Higham Ferrers 1251–1914
A portrait of a town and its people through its historic charters
new commemorative book
This new book, by Brenda Lofthouse, Gwen Tobin and Rachel Smyth, has been produced to commemorate the town achieving Heritage Lottery Funding to restore the Town’s Charters for everyone to see and enjoy.
Presented in a family-friendly way, this commemorative book focuses on how events, both national and local, had an impact on the people of Higham Ferrers.
It is the first book to chart almost 700 years of the development of Higham Ferrers in one go, from the tentative steps of 91 people gaining some freedom from serfdom, to a fully-fledged autonomous town that at one point sent its own MP to Parliament.
The book launch will coincide with the Town Council’s Charter Celebration Day on Saturday 29 June 2019 to celebrate the conservation of the Town Charters. You can buy the book for £20 on the day at Chichele College.
Did you know?
In the Middle Ages the Chaplain of Chichele College, Robert Ireland, was charged with haunting suspect places, particularly the house of Elizabeth Bere, even during divine service?
A report on the state of the St Mary’s churchyard in the seventeenth century found that there were dung heaps in the churchyard that were large, extremely offensive and malodorous?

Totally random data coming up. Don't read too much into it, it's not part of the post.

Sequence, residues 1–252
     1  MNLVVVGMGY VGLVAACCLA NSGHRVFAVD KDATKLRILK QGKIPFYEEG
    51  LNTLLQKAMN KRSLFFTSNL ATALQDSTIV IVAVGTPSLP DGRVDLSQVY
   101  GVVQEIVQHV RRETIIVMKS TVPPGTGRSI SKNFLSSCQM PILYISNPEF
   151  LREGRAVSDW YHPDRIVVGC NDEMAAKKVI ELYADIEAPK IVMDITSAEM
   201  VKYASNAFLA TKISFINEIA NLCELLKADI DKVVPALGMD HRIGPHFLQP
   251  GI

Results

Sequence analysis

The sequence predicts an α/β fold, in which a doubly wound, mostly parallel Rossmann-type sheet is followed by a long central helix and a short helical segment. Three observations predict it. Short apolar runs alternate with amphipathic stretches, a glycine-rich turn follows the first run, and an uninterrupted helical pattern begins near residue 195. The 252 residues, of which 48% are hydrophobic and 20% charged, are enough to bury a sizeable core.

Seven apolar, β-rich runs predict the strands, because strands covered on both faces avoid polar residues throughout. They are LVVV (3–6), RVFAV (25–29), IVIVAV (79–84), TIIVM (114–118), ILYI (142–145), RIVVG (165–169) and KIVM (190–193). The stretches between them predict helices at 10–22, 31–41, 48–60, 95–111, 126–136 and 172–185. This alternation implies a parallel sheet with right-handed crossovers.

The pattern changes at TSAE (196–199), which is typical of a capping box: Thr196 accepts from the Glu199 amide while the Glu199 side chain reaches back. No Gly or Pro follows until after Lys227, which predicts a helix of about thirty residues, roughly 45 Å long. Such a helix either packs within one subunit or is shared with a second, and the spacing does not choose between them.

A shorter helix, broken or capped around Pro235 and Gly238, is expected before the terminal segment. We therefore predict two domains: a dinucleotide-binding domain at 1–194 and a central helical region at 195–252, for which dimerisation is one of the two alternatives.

After Lord Bryon died in Greece his body was brought back to England and the coffin stopped the night in the Green Dragon?
George Malim, the Vicar of Higham, wrote two letters (in total 21 pages long) to the Earl Fitzwilliam in 1819 protesting that his nephew had not shot some geese because he was a very indifferent shot?
More about the book …
This beautifully illustrated book, structured around each of the Town’s charters, describes how Higham Ferrers developed from a small village in Norman England to the fully-fledged town of today.
- Charter of William De Ferrers 1251
- Charter of Philip and Mary 1556
- Charter of James I 1604
- Charters of Charles II 1664 and 1668
- Charter of Queen Victoria 1886.
Each chapter begins with the original charter and an explanation of the key points. This is followed by illustrated articles on the social, political and democratic development in the town, in the intervening period up to the next charter, showing how both national and local events shaped the lives of the people in Higham Ferrers.
There are many articles relating directly to life in the town, such as:
- how the Mayor tried to stop people leaving the entrails of slaughtered animals on the roadside
- the fines imposed on people playing tennis.
These are all brought to life by beautiful illustrations of the period.
Elizabethan Poor Laws made begging illegal. Those who flouted the laws were dealt with harshly.
Ralph the Cobbler was one the people who bought their freedom from serfdom in 1251, a forerunner of the boot and shoe industry that was a major source of employment in the town for centuries.
Woven into this are the stories of who lived and worked in Higham Ferrers over the centuries, including:
- Henry Chichele
- Thomas Rudd
- Alfred Hacon.